Friday morning, June 6, 2014, Dennis Marx was expected to appear at the courthouse in Forsyth County, Georgia. He was scheduled to enter a plea on multiple charges, including 10 drug offenses and one for possessing a firearm during the commission of a felony. Mercifully, as it turns out, he didn’t have his day in court. Clothed in body armor and a gas mask, he approached the courthouse in his car, an assault rifle and grenades within reach. A deputy sheriff patrolling the perimeter spotted Marx and was nearly run over before he opened fire. Officers from the nearby jail responded, and Marx returned fire through his car’s windshield, lobbing his ample supply of smoke, tear gas, and pepper spray grenades. When the dust settled and the injuries were assessed, the deputy had two gunshot wounds to the leg and Marx was dead. A sad day at the Forsyth County Courthouse, but it could have been much worse. As Sheriff Duane Piper succinctly noted, “It was very close to a major catastrophe.” Police investigation concluded that Marx had the equipment and most likely the intention of taking hostages and control of the courthouse.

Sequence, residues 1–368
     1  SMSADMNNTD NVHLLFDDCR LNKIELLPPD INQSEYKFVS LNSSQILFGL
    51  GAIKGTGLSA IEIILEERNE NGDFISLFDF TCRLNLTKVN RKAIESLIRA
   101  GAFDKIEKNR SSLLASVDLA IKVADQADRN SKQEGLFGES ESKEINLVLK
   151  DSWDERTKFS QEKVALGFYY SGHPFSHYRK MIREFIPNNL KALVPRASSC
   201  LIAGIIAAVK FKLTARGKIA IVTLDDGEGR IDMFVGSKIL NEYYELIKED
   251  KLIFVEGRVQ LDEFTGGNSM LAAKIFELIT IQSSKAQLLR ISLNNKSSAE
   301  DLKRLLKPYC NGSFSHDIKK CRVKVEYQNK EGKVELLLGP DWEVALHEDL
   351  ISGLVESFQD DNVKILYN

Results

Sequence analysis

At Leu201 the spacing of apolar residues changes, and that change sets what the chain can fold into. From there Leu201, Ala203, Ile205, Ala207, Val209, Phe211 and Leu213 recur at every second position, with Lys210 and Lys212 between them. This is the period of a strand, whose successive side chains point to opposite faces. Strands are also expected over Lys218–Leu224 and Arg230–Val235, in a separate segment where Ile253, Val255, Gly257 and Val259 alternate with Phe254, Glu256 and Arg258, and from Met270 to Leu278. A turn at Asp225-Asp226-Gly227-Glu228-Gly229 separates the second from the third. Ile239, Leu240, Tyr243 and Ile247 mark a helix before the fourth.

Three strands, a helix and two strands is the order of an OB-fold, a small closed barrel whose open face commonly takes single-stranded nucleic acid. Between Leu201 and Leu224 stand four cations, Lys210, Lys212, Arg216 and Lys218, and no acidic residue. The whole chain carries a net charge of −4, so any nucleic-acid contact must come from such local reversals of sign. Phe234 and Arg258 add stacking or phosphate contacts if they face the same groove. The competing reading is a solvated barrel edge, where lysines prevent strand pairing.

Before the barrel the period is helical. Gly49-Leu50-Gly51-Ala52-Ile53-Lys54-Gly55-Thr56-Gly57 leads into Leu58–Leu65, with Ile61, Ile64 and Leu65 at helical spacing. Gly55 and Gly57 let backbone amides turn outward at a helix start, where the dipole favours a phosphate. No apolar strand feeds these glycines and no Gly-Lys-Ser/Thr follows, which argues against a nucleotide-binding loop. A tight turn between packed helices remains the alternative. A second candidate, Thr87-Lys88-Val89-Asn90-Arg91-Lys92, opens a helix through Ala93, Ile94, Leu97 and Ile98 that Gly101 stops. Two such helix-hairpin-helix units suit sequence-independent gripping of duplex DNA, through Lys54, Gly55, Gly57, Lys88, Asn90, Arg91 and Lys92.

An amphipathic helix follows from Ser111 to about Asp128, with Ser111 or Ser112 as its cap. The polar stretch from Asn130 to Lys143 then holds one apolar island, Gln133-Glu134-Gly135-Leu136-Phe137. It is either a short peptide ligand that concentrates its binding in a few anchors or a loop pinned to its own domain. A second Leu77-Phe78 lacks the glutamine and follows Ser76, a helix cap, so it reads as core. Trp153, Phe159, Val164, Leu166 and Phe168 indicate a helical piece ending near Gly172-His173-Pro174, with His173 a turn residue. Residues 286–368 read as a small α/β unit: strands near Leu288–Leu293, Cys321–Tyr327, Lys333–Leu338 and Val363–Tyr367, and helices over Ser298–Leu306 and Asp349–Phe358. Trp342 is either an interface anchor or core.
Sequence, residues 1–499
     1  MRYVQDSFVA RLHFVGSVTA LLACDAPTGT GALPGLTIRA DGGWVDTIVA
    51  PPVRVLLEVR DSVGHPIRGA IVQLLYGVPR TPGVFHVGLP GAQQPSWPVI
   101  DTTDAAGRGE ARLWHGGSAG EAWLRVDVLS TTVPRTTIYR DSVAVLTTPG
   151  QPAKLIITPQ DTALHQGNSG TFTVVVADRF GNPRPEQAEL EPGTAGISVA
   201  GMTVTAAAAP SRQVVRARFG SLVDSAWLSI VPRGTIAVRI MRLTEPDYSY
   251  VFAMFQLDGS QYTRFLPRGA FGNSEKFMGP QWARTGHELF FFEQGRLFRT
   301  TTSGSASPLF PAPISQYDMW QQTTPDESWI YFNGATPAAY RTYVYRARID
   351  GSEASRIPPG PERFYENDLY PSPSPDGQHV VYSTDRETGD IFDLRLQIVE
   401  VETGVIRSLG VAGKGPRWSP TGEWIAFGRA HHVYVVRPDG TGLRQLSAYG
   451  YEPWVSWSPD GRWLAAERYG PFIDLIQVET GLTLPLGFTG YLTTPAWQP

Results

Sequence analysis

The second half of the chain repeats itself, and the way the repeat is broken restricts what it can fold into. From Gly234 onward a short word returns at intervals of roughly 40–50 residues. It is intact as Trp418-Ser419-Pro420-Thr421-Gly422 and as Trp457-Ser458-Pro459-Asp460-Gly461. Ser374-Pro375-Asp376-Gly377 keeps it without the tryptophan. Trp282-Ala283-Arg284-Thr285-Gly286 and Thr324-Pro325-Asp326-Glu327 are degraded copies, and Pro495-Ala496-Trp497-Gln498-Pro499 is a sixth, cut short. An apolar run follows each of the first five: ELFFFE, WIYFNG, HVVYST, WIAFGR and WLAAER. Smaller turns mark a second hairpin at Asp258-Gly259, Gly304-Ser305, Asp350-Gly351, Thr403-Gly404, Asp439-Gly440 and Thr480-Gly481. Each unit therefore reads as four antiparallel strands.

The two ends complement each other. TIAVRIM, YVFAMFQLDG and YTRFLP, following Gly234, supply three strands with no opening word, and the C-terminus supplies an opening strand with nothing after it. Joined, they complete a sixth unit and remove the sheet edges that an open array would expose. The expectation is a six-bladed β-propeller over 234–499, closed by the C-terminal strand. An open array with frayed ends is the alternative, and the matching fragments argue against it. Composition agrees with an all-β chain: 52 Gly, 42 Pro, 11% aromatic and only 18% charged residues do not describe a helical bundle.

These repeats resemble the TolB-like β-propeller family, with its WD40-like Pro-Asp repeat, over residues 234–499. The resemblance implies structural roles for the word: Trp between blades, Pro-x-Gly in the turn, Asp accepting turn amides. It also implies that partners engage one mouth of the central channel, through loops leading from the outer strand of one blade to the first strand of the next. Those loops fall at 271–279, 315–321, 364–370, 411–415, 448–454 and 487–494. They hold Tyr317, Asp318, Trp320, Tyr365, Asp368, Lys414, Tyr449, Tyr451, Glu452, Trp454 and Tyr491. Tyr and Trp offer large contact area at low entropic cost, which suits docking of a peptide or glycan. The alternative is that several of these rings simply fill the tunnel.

The near catastrophe averted in that Georgia courthouse is a dramatic, but not isolated, incident. Violent incidents are increasing. Two such episodes occurred in the span of three days in February 2013, one in Wilmington, Delaware, and the other in Chesterfield County, South Carolina. Christine Bedford and Olivia Weaver were two moms living hundreds of miles apart, both seeking their court’s assistance in financial support of their children. Both women were shot and killed—Weaver by the father of her child as she was leaving the courthouse after receiving her order of support and Bedford by her ex-father-in-law before she could even enter the courtroom.